Debt consolidation is when you have more than one debt to pay off, so you decide to combine your debts to pay them off together rather than repaying them separately. In order to do this, most people will decide to take out a debt consolidation loan. With a debt consolidation loan, you get a single, larger loan used to pay off all of the smaller loans you have taken out after combining them, thereby avoiding paying multiple interest rates on multiple products.
Debt consolidation loans are great for people who have borrowed from various sources and are looking to get a handle on their finances whilst potentially making substantial savings on interest rates.
How Does Debt Consolidation Work?
Debt consolidation involves applying for a new, single loan product, using that loan to repay your outstanding debts, and then finally repaying your consolidation loan. The amount of money you borrow must be enough to pay off the amount you owe when all of your debts are combined.
The repayments are usually made monthly by the borrower to a single lender in the form of a lump sum; therefore, the interest paid is only on one transaction, rather than many. Debt consolidation means that you are paying one larger sum on the same day each month rather than smaller ones throughout the month. If paying a single, sizeable amount works better for you, then debt consolidation may be a viable option.
The incentive for taking out a Debt Consolidation Loan is that, even if you end up paying for an extended term, you may save on the amount of interest you pay. Interest rates on small loans (such as payday loans) are often higher than larger loans.
However, this does not mean that you will definitely end up paying less on interest in the long run. Because debt consolidation loans are usually a significant amount of money, your repayment period will likely be longer than it would be if you did not consolidate your debts. The longer the repayment period, the more interest you will be paying.
You should try to calculate whether or not you will save on overall interest payments before consolidating your debts, with both repayment terms and individual interest rates in mind.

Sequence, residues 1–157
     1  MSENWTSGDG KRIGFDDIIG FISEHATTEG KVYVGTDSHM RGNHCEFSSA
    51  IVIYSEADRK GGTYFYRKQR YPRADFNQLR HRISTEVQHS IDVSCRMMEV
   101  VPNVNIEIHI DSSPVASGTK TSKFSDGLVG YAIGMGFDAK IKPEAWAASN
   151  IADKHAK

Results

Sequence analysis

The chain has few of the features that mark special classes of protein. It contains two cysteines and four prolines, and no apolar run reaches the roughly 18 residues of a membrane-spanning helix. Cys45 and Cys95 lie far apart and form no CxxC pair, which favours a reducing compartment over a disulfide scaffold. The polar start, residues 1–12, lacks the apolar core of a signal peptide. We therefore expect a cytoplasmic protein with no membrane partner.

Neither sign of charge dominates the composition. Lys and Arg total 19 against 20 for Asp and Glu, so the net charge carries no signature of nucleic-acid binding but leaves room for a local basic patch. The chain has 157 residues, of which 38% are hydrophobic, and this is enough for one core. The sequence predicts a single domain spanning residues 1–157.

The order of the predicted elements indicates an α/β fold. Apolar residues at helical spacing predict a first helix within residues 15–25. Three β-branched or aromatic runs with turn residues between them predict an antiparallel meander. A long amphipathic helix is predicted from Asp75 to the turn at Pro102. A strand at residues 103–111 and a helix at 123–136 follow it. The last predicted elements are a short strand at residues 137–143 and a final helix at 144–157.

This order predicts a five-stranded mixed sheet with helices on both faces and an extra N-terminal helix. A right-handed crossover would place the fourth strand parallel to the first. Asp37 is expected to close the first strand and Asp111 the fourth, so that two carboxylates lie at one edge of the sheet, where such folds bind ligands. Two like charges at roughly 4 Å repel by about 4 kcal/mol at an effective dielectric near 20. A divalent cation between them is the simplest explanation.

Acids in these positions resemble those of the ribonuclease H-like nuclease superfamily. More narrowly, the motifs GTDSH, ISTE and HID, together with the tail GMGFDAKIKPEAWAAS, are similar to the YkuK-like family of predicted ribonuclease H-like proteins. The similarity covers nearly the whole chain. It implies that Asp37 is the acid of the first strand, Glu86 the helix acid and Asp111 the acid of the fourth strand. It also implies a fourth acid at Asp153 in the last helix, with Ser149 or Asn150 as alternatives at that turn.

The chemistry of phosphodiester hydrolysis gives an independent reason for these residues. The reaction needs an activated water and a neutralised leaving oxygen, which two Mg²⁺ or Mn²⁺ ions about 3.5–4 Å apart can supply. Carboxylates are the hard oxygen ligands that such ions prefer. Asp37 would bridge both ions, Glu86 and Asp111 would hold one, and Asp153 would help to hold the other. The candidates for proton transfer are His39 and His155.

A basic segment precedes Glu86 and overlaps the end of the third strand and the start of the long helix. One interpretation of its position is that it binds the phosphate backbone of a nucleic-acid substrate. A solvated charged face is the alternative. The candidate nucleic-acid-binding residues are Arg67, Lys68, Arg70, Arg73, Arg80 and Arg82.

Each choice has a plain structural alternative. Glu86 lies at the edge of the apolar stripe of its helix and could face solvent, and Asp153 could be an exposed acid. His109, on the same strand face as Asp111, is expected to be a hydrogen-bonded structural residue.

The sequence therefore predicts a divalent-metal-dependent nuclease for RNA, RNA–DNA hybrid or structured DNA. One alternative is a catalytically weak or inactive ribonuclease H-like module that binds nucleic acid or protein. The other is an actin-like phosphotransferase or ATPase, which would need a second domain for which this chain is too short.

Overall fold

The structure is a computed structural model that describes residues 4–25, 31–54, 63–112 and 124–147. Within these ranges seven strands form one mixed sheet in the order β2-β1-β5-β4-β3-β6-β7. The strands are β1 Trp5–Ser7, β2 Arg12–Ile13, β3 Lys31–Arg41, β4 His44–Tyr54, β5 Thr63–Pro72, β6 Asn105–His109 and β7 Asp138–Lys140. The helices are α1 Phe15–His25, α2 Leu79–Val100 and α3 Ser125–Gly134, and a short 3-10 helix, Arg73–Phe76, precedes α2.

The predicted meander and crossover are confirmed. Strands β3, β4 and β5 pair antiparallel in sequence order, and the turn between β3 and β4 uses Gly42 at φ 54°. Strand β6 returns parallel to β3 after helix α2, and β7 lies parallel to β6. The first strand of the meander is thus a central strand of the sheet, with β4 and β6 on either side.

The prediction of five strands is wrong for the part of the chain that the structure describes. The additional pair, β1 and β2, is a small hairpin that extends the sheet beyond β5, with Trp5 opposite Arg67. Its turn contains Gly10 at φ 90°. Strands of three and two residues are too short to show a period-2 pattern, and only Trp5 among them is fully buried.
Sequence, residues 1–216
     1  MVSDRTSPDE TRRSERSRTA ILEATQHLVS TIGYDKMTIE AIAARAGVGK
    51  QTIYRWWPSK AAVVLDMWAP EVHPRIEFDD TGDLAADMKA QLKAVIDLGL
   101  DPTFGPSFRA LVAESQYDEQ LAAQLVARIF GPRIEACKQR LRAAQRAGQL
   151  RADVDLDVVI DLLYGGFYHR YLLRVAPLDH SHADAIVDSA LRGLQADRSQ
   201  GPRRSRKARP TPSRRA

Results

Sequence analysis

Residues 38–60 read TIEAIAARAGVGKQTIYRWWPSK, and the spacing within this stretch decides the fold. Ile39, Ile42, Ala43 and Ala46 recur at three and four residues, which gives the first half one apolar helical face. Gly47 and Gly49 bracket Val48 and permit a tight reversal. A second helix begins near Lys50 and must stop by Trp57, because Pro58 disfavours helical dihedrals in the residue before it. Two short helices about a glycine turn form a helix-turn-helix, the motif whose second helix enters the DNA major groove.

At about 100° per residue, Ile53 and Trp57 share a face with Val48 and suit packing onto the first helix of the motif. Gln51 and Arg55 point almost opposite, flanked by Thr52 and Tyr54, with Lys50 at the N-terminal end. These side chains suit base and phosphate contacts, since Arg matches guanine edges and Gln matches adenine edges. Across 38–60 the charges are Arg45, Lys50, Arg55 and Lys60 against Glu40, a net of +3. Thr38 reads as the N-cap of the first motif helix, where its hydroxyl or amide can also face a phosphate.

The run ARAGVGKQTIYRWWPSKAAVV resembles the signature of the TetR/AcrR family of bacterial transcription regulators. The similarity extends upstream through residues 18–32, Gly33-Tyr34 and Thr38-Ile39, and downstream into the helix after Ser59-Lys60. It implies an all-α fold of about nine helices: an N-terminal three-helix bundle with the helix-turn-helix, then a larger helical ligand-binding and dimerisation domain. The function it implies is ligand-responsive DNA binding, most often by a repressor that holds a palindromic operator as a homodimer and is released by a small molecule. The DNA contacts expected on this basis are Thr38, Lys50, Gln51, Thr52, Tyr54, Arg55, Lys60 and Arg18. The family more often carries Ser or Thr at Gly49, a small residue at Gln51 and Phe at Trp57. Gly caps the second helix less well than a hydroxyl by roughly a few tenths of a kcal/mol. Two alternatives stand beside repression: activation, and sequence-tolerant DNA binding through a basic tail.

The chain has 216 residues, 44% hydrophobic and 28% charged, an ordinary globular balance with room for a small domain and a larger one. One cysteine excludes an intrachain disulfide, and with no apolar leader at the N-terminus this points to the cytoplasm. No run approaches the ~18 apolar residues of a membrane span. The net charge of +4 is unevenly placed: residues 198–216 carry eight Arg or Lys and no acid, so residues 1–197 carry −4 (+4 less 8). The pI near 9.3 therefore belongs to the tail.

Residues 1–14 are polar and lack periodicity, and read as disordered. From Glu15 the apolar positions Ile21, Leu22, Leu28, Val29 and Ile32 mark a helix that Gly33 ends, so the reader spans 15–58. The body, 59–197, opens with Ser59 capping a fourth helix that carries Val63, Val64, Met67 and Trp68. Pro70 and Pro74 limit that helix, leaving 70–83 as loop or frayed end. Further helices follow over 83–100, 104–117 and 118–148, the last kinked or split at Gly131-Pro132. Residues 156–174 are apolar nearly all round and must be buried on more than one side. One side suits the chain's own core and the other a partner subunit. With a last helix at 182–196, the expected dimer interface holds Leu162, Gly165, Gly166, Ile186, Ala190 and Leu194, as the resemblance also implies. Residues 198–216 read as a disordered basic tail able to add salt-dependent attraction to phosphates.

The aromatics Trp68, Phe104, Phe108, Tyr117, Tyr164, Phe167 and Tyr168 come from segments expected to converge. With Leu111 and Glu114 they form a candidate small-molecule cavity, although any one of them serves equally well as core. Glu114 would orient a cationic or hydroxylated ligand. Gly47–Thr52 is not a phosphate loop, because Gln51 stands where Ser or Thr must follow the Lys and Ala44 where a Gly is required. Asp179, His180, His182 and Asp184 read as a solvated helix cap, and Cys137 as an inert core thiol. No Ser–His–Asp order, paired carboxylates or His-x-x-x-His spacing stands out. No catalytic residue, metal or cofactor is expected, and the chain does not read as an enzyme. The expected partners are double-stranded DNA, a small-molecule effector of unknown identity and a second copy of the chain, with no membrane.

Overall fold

Debt Consolidation Loan Example
We can look at a simple debt consolidation loan example to see how it works in practice. Let’s say that Lucas has an outstanding car loan. He also has two credit cards with outstanding balances that he needs to repay. Plus, Lucas still has some debt from an old personal loan he took out to cover the cost of his holiday.
That means that he has four sources of debt and four separate payments to keep up with each month. Not only that, but each source of debt may have its own interest rate. Some rates can be better than others, and it can be challenging to keep track and know which debt he should pay off first.
By learning how to get a debt consolidation loan and applying for debt consolidation with a bank or private lender, Lucas, in this example, will merge all four of his debts into one single debt. So he’ll just make one monthly payment towards paying off everything. What’s more, Lucas will have one single interest rate too.
Debt Consolidation Loan Advantages and Disadvantages
There are both pros and cons to consider when asking oneself, “Should I get a loan to consolidate debt?”
- Simplicity: One of the best aspects of debt consolidation loans is that they’re much easier for people to manage. It’s simple to make one payment each month instead of two, three, four, or more.
- Better Rates: Often, debt consolidation loans APRs are lower than the interest rates for credit cards or payday loans. So you can pay less interest in the long term with this form of loan.
- Credit Score: Getting debt consolidation is an excellent way to boost one’s credit score. It’s easier to keep up with repayments, so there’s less chance of missed payments and credit score drops.
- Getting Out of Debt: Ultimately, someone applying for debt consolidation loans aims to get rid of their debt sooner. As long as you keep up with payments, this can happen.